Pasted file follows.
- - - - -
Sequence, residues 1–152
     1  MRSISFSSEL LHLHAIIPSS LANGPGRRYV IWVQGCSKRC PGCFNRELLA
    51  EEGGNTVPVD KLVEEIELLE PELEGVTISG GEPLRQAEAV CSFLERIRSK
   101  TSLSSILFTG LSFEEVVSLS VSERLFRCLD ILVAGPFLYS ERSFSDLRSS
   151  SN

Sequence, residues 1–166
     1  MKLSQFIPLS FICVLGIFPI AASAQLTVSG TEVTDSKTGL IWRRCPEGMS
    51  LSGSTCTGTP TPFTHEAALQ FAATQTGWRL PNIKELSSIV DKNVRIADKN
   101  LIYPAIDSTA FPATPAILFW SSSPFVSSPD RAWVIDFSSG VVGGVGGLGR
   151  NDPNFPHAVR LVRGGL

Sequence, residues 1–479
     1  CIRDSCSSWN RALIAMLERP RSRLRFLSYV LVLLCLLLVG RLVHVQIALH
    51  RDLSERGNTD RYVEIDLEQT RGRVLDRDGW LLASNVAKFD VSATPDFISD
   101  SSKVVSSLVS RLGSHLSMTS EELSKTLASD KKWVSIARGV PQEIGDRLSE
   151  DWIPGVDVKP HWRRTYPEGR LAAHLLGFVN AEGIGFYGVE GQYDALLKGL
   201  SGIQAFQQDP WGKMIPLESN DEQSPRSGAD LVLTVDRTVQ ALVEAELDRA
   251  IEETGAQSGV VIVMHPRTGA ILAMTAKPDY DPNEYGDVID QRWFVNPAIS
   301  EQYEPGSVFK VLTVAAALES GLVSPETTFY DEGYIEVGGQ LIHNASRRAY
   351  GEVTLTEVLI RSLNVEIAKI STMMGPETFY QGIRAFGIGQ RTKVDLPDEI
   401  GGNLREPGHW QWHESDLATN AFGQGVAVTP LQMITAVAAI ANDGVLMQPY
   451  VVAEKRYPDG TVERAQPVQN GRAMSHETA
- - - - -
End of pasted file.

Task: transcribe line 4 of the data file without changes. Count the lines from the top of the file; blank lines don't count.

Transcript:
   101  TSLSSILFTG LSFEEVVSLS VSERLFRCLD ILVAGPFLYS ERSFSDLRSS